Oregon Legislature Wraps Up Intense Session

As the fast-paced 2016 legislative session was coming to a close, a deal in the Senate that killed three bills ended the delays and allowed the session to come to a quick end.

While the purpose of the short session is to make minor adjustments to state budgets, address emergency situations, and fix unintended consequences from the previous regular session, major policy changes took place in a rushed environment.

Headlines for the 2016 session centered around some high profile initiatives—an increase in the minimum wage, an affordable housing package, and a first-in-the-nation bill to move from coal to renewable fuels.

It was a compact thirty days, often colored by election-year ballot measures, and not without controversy. Some argued that the legislature tried to do too much. Others said legislators should have tackled even larger issues, such as a statewide transportation plan. 

“We did everything we could to inject reason into this session, slow the legislative process down, and make sure we’re not setting Oregonians up for failure from unintended consequences of complex legislation that hasn’t been fully vetted,” said Senate Republican Leader Ted Ferrioli.

Senate Democratic Leader Ginny Burdick noted, “Senate Democrats are proud to have accomplished many of our goals to help and improve the lives of everyday Oregonians throughout the state. In a short session, we enacted legislation that will make a positive difference for all Oregonians.  We led the Legislature by developing a new minimum wage proposal that gives a raise to working Oregonians and reflects Oregon’s regional economic differences. We moved forward with affordable housing and tenant protection bills that will help alleviate the housing crisis faced all over the state.’

The Northwest Credit Union Association has worked several bills this session of interest to Oregon credit unions.  According to Pamela Leavitt, Northwest Credit Union Association Policy Advisor for Oregon State Advocacy and Grassroots, the priorities include: 

  • House Bill 4094, exempting financial institutions that provide financial services to legal marijuana related businesses, researchers and laboratories from any criminal law in Oregon. The legislation directs the Oregon Liquor Control Commission and Oregon Health Authority to provide financial institutions with information related to licensed or registered marijuana related businesses, researchers, and laboratories upon request. The bill also directs the Department of Consumer and Business Services to study and report on any legislation or administrative action required to facilitate financing of businesses that engage in production, processing, or sale of marijuana and marijuana derived products. HB 4094 awaits the Governor’s signature.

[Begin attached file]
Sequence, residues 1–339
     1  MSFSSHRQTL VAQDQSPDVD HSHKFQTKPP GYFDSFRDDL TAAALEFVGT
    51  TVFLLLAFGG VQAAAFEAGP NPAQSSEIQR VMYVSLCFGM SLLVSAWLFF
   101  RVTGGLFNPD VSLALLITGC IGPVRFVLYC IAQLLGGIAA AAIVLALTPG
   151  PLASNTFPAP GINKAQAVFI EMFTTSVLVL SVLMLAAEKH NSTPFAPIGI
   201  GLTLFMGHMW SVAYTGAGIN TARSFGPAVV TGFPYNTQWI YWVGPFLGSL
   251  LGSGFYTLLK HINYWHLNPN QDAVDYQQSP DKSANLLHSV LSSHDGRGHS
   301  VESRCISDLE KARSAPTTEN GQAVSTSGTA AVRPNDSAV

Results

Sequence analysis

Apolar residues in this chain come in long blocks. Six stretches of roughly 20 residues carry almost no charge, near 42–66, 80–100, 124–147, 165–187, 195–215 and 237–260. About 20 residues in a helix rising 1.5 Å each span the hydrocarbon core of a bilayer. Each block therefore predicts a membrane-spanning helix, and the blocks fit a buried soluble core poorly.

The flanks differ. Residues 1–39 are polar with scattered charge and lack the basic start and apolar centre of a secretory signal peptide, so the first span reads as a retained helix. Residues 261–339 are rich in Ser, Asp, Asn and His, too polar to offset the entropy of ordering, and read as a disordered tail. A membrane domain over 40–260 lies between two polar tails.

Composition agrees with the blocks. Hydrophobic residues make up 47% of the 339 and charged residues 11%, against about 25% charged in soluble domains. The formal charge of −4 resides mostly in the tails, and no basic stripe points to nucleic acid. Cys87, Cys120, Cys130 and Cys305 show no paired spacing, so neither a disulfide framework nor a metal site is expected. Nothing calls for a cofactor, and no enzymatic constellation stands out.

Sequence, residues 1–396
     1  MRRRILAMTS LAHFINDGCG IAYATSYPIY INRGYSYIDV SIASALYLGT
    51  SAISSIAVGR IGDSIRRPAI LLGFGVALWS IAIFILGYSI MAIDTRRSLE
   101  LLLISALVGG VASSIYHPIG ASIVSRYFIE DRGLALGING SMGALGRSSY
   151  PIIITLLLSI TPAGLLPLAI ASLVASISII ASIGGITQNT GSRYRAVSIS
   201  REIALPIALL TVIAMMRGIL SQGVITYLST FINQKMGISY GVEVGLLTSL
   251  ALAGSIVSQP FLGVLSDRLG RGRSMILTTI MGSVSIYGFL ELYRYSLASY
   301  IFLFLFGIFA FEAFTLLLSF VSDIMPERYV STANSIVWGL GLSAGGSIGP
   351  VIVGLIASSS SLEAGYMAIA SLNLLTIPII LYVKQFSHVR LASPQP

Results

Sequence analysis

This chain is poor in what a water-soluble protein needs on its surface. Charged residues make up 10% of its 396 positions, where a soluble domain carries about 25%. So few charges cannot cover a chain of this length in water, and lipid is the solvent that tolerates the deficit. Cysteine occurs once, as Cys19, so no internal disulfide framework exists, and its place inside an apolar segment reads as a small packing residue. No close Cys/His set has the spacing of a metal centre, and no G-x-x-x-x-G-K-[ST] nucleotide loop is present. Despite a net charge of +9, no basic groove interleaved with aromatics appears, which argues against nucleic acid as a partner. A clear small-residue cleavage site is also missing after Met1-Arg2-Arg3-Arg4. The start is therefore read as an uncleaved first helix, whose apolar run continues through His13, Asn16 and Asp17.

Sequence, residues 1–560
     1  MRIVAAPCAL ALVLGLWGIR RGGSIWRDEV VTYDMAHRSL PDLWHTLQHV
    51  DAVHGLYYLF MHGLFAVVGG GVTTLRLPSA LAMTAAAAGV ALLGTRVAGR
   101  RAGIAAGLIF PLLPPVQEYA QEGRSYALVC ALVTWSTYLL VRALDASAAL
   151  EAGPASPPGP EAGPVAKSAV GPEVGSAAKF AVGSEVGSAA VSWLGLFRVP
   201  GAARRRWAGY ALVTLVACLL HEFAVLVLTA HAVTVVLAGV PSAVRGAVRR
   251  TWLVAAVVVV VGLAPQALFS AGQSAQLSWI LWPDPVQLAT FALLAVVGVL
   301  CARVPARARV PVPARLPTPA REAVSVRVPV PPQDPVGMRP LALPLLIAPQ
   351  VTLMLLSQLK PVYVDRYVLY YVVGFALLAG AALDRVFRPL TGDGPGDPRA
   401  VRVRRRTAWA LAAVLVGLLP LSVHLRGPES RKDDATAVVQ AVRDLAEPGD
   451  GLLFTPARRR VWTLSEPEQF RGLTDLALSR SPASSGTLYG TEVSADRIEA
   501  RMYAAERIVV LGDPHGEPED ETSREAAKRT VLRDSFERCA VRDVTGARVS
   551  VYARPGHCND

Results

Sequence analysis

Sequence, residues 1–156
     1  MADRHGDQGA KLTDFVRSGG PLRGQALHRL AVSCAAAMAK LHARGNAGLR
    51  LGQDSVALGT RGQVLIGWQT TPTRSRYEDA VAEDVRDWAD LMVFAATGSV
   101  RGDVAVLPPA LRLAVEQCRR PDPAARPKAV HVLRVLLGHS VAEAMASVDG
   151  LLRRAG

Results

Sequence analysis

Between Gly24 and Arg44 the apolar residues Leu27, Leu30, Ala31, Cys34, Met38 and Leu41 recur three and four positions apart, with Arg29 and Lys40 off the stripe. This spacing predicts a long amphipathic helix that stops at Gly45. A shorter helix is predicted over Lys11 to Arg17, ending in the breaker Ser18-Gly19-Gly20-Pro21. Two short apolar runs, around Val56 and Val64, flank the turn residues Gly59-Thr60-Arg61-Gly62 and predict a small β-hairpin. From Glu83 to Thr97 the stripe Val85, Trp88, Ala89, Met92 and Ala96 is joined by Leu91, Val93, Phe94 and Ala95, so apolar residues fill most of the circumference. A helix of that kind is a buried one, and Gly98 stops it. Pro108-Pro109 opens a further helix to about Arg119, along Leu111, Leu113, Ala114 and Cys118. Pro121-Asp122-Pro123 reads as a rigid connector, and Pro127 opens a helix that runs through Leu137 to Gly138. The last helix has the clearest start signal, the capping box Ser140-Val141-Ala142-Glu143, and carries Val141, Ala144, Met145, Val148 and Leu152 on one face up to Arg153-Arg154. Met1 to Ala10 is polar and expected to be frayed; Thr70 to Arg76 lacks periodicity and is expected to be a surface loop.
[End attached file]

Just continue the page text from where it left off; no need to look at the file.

• One of three bills negotiated by Senate Republicans to “kill” was House Bill 4131, requiring financial institutions to develop data match agreements with the Department of Revenue to identify assets held at financial institutions by delinquent debtors. The bill died in committee, but will be introduced next year as part of the deal. The legislation would have made it illegal to misuse information shared pursuant to data match agreements. Penalties could include up to five years imprisonment, $125,000 fine, or both. The legislation would authorize the Division of Child Support of the Department of Justice to enter agreements to share information relating to hiring of individuals in this state with other divisions of the department or with the Department of Revenue.  
  • Governor Kate Brown has signed Senate Bill 1532 into law. This legislation updates the Oregon Credit Enhancement Fund. The Oregon Credit Enhancement Fund (CEF) is a loan insurance program available to lenders to assist businesses in obtaining access to working capital or fixed-asset financing. The program has an enrollment fee typically between 1.25 and 3.5 percent of the insured amount, based on the term and type of the credit. Loan insurance is typically up to 80 percent of the loan amount, with a maximum exposure of $2 million, and a maximum term of either 15 years or the useful life of assets securing the loan. For lines of credit, insurance is for up to 75 percent of the operating lines of credit, up to $1.5 million, with an initial term of one year.  

Next year’s long legislative session will present deeper opportunity for policy advancement. Credit union CEOs are asked to share their input with the NWCUA on charter enhancements and other legislative improvements at this time. The State Issues Working Groups will then recommend strategies which will be further reviewed by credit union leaders this summe

Questions about this story? Contact Lynn Heider: 503.350.2225, lheider@nwcua.org.

Posted in Advocacy News, NWCUA.